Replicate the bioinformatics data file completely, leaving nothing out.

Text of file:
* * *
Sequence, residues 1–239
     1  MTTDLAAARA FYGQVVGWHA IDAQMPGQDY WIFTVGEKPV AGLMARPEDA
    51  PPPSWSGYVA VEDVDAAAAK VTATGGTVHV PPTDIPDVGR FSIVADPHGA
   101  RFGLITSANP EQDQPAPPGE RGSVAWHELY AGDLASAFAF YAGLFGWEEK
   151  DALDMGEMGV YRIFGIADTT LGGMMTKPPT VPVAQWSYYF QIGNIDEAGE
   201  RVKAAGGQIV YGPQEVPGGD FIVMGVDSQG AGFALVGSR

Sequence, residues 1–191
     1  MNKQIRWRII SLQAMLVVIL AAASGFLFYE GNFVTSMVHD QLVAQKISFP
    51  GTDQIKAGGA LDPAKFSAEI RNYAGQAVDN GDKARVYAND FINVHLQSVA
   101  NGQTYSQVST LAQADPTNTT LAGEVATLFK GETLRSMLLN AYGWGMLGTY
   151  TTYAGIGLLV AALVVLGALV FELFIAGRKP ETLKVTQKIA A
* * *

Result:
Sequence, residues 1–239
     1  MTTDLAAARA FYGQVVGWHA IDAQMPGQDY WIFTVGEKPV AGLMARPEDA
    51  PPPSWSGYVA VEDVDAAAAK VTATGGTVHV PPTDIPDVGR FSIVADPHGA
   101  RFGLITSANP EQDQPAPPGE RGSVAWHELY AGDLASAFAF YAGLFGWEEK
   151  DALDMGEMGV YRIFGIADTT LGGMMTKPPT VPVAQWSYYF QIGNIDEAGE
   201  RVKAAGGQIV YGPQEVPGGD FIVMGVDSQG AGFALVGSR

Sequence, residues 1–191
     1  MNKQIRWRII SLQAMLVVIL AAASGFLFYE GNFVTSMVHD QLVAQKISFP
    51  GTDQIKAGGA LDPAKFSAEI RNYAGQAVDN GDKARVYAND FINVHLQSVA
   101  NGQTYSQVST LAQADPTNTT LAGEVATLFK GETLRSMLLN AYGWGMLGTY
   151  TTYAGIGLLV AALVVLGALV FELFIAGRKP ETLKVTQKIA A